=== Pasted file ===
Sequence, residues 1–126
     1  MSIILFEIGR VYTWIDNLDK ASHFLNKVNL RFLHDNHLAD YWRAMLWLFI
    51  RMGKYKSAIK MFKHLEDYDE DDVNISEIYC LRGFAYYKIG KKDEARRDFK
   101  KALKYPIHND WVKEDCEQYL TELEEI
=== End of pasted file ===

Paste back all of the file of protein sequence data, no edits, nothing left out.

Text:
Sequence, residues 1–126
     1  MSIILFEIGR VYTWIDNLDK ASHFLNKVNL RFLHDNHLAD YWRAMLWLFI
    51  RMGKYKSAIK MFKHLEDYDE DDVNISEIYC LRGFAYYKIG KKDEARRDFK
   101  KALKYPIHND WVKEDCEQYL TELEEI